Heel protection to prevent pressure sores



What is a pressure sore?


A pressure sore (also known as a pressure ulcer or bed sore) is an area of damage to the skin and the underlying soft tissue, usually over a bony area of the body.  The correct term, used by healthcare professionals is pressure ulcer.  We tend to associate the elderly with being prone to pressure ulcers, although they can affect anyone who is less active.  Those with mobility impairments or limitations are especially at risk.

A pressure ulcer occurs as a result of the skin being squashed between the weight of the skeleton and the bed or chair surface. Lack of blood to the skin in these areas can deprive it of essential oxygen and nutrients which means skin damage can occur. This is why the areas of our body over a bone are most vulnerable. The heel and elbow area needs special attention due to the fact there is no subcutaneous fat or padding.

Looking for the early signs - Prevention is better than cure


Spotting the early signs of pressure damage can often prevent further skin damage and the area of skin can recover very quickly. Red areas of skin over a bone such as the heel can often indicate the first sign of skin damage, which may also be sore or painful. Rubbing these areas should be avoided. Instead, pay special attention to these areas of skin and make sure they are not in contact with the surface of the bed or chair for extended periods. Allow the blood to flow back into these regions as this will assist in the repair of the damaged area. Changing position frequently and raising the affected area off the surface are helpful treatments and always avoid dragging the skin as this can also put the delicate skin area under further strain.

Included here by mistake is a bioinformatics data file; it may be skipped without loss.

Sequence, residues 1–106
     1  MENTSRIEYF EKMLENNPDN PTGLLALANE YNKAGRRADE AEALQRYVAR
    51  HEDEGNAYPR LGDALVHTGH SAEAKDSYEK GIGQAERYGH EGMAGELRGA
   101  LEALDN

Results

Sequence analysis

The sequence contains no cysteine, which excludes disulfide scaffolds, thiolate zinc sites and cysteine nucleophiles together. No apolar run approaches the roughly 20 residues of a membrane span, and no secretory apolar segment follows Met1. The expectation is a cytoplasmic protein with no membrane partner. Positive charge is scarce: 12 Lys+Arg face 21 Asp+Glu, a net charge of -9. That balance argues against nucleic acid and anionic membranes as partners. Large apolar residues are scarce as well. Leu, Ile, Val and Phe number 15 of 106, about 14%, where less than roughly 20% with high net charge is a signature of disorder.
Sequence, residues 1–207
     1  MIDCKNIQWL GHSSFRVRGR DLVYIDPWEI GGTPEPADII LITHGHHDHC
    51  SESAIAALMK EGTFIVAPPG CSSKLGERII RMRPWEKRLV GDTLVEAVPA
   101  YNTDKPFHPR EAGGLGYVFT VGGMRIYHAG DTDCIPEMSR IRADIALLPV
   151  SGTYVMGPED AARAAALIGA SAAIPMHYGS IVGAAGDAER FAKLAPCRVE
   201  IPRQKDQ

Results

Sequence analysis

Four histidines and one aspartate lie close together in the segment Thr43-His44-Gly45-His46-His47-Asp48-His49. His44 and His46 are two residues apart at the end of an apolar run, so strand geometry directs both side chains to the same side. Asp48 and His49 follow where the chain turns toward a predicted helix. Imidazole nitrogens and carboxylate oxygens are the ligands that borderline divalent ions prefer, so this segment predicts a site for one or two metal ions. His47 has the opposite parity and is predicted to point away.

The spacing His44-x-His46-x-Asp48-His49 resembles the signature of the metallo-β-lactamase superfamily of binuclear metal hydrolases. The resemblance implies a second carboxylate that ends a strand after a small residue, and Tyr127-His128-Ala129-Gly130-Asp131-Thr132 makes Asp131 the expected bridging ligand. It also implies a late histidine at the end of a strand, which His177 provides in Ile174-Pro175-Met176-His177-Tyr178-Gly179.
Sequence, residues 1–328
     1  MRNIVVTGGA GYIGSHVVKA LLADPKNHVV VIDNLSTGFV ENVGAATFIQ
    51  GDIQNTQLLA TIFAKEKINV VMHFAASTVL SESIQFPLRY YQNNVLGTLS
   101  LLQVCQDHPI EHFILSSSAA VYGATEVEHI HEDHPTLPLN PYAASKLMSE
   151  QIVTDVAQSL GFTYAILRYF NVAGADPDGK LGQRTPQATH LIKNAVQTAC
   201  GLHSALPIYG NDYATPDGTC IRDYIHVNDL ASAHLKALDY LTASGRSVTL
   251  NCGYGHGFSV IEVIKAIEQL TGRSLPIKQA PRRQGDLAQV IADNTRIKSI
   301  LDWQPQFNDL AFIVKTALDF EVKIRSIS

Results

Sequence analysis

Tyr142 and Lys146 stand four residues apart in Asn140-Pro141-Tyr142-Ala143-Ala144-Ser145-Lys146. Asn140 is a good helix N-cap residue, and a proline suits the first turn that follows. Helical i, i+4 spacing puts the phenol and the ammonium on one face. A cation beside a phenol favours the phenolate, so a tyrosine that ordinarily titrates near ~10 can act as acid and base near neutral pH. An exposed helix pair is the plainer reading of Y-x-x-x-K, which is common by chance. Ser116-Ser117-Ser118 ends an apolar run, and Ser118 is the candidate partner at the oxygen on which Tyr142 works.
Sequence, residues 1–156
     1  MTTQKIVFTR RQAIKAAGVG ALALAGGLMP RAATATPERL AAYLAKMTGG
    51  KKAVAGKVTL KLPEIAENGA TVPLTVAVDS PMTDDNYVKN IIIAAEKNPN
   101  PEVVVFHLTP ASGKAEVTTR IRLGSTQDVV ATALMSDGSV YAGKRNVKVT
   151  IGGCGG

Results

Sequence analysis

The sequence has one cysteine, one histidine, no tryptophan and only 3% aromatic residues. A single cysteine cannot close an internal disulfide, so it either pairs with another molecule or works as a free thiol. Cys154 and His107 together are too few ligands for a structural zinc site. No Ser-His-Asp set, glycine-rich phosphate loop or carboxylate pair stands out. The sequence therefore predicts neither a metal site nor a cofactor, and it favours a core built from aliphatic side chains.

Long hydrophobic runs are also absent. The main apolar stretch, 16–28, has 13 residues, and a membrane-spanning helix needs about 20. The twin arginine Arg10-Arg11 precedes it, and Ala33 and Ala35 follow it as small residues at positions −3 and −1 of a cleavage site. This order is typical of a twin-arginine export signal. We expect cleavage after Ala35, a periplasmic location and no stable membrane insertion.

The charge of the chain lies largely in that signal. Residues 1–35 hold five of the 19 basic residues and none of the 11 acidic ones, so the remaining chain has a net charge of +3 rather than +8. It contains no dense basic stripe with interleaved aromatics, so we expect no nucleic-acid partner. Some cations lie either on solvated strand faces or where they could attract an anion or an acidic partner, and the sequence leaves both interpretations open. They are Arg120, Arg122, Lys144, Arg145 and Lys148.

What else can I do to protect my skin?


Good skin care using neutral soap and drying gently can help to protect vulnerable areas.  You may wish to moisturise the heel to avoid the skin drying out. A healthy diet with plenty of fluids will also help to keep the skin healthy.

Those with underlying healthcare conditions can be more susceptible to skin breakdown in the heel area.  Conditions such as, but not limited to diabetes, peripheral arterial disease or a previous history of heel or foot ulcers can increase your risk.  Consult a healthcare professional if you are concerned about how your condition can increase your risk of pressure ulcers.

If lying or sitting in one position for long periods of time cannot be avoided, or if you have difficulty getting out of the bed or chair, a specialist support surface can be a useful preventative aid in protecting the skin from damage. A mattress or cushion which helps to reduce the high pressures exerted on the skin over bony areas and offers a degree of positioning and comfort can be really effective. Specialist devices which protect the vulnerable heel and elbow regions are also advised. These can help to protect the skin and can often be useful aids in treating an existing pressure ulcer. However, always seek medical advice if you notice any broken areas.

The vulnerable heel


Completely removing the pressure from the delicate heel area, a term referred to medically as ‘off-loading’ is an effective way to prevent the formation of pressure ulcers in this area.

 
                                        Air filled – Invacare Maxx Care Pro Heel boot


In the image above, you can see that the heel is completely free from pressure during lying.  Also the foot is supported and heel off loaded when the feet are flat on the floor.
There are wide variety of heel protection devices available, at a range of costs.  

There are wide variety of heel protection devices available, at a range of costs.  

These devices may be constructed of air, foam, gel or various fabrics which protect the heel in different ways.
Clinical experience suggests that boot‐type devices are more likely to stay on the leg and support the foot in a neutral alignment. (1)


References: (1) Wounds International, Technology and product reviews, Joyce Black 2012
Author: Annie Allsopp, Clinical Specialist, Invacare Ltd